Kenzo Takada, a renowned French-Japanese fashion designer, passed away at 81 years old on Sunday evening. He held his last breath at a hospital near Paris in France, according to Forbes.
Passing of a Designer
Takada’s family said that the cause of death is due to complications related to coronavirus. He died at a hospital in Neuilly-sur-Seine, a commune in France that is near Paris.
Kenzo Takada, the designer whose exuberant prints helped bring Japanese fashion to the world, died on Sunday at a hospital in Paris. He was 81.https://t.co/JlDh80mqd8
— The New York Times (@nytimes) October 5, 2020
Meanwhile, his fashion brand, KENZO, stated their “immense sadness” in learning of the passing of the company’s founder. “For half a century, Mr. Takada has been an emblematic personality in the fashion industry, always infusing creativity and color into the world.”
Likewise, the chairman of LVMH, billionaire Bernard Arnault, also expressed his mourning over Takada’s death, Forbes reported. He also shared his sympathy for the designer’s family. In 1993, Arnault’s company bought KENZO.
“Kenzo Takada has, from the 1970s, infused into fashion a tone of poetic lightness and sweet freedom, which inspired many designers after him,” Arnault stated. He added that Takada “also durably renewed the world of perfume.”
Several other personalities remembered him, including supermodel Naomi Campbell. In a social media post, she said she will never forget Takada’s “smile and humble demeanor.”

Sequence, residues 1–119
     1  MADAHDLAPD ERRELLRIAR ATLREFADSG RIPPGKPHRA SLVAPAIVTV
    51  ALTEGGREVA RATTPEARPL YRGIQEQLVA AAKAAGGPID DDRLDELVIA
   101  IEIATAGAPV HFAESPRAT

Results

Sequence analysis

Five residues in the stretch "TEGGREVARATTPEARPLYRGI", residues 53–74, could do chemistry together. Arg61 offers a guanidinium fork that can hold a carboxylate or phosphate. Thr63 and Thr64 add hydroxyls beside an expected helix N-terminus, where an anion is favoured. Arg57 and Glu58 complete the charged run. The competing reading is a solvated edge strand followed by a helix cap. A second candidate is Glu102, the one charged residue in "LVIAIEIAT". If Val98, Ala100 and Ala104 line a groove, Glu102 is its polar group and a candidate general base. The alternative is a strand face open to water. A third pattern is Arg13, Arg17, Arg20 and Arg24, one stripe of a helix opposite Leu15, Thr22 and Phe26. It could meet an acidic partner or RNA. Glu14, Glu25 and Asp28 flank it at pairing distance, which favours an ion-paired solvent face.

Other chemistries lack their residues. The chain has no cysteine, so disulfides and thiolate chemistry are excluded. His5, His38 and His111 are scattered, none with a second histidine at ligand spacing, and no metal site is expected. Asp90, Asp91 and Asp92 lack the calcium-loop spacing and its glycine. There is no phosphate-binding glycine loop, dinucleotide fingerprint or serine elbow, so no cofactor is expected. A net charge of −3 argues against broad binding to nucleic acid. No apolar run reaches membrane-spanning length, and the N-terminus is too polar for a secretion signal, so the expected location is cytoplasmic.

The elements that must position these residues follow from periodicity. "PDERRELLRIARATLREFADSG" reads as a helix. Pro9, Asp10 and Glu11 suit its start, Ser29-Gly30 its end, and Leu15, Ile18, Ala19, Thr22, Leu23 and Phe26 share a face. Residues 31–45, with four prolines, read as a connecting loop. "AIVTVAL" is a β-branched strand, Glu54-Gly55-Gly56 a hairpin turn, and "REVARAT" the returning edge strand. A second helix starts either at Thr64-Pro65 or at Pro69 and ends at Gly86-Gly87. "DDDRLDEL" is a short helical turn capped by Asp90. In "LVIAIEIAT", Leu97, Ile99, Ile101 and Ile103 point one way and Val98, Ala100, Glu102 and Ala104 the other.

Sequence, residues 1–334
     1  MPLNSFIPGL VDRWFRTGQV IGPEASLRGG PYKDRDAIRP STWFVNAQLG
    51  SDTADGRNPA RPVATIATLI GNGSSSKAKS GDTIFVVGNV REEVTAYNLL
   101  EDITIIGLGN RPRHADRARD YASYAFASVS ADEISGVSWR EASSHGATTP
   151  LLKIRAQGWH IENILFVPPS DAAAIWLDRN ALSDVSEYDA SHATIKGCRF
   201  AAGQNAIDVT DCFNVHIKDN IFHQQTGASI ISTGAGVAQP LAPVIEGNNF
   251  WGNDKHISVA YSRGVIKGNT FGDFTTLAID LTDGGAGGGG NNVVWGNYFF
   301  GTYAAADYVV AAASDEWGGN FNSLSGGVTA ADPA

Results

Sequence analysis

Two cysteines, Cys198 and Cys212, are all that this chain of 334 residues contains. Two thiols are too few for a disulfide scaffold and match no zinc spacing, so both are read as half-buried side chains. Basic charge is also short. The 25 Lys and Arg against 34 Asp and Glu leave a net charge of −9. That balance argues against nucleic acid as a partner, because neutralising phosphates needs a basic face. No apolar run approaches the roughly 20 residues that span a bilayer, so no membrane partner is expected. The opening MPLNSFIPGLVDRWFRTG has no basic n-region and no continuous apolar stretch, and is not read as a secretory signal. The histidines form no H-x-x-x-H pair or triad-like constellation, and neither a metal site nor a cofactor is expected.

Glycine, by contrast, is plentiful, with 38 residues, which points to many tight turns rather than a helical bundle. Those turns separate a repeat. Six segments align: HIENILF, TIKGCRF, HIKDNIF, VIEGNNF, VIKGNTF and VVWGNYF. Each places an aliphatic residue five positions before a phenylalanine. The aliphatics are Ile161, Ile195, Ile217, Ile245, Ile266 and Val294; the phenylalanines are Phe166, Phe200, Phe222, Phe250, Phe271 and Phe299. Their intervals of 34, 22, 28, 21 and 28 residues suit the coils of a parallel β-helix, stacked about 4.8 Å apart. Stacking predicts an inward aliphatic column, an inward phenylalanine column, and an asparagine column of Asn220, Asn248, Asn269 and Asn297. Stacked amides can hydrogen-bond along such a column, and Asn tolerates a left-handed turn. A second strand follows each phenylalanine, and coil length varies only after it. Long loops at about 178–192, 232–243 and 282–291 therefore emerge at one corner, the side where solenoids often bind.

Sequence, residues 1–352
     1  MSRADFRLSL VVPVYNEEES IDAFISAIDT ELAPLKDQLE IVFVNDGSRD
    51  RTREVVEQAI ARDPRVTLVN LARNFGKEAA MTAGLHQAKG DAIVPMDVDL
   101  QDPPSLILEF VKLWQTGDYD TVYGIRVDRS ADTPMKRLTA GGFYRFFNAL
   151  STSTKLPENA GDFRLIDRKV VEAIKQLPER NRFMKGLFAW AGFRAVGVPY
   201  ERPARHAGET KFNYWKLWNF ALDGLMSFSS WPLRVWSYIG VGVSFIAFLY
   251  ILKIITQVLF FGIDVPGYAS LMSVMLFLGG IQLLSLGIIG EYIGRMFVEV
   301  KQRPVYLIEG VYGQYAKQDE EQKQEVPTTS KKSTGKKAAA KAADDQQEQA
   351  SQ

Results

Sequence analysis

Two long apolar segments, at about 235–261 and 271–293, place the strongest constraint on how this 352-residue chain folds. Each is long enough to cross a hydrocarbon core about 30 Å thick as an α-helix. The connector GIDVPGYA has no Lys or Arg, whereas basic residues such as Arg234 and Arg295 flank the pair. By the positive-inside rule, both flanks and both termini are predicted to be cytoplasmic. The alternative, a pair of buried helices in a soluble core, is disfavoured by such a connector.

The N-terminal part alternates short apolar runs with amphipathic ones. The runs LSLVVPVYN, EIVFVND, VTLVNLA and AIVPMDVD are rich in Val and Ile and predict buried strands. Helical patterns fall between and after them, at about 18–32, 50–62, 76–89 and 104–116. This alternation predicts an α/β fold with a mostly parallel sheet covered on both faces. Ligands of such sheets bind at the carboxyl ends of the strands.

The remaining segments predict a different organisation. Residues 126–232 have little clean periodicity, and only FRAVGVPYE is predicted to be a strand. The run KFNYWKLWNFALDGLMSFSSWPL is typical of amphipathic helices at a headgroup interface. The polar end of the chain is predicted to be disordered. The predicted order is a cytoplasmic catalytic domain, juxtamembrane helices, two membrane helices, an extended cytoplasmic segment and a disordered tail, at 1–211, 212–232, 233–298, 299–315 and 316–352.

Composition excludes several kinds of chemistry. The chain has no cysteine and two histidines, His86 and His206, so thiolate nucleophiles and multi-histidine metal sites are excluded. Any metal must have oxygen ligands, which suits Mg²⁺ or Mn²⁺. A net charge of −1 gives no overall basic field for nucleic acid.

Meanwhile, another billionaire, Francois-Henri Pinault acknowledged Takada for contributing to Paris’ being the fashion capital. “[Takada’s] fashion resembled him: at the crossroads of cultures, creative, joyful, and generous,” Pinault’s quote according to Forbes.
CBS News said that among Takada’s famous creations include his jungle-infused designs and youthful, free-spirited aesthetics. He used bold colors in his styles, clashed prints. Moreover, he also took inspiration from travels around the world.
Takada was born in Japan in 1939. Later in his life, he dropped out of his literature course to pursue fashion. Then, Takada became among the first male enrollees of the Bunka Fashion College in Tokyo. In an interview last year, he even revealed that his parents also objected to the idea of him entering the fashion industry.
In 1965, he moved to Paris to work as a freelance designer, CBS News said. Afterward, he would have one design to be featured in a magazine cover before his collection reached the American fashion publication Vogue. Takada then became known for his wide shoulder forms and armholes signature, among others.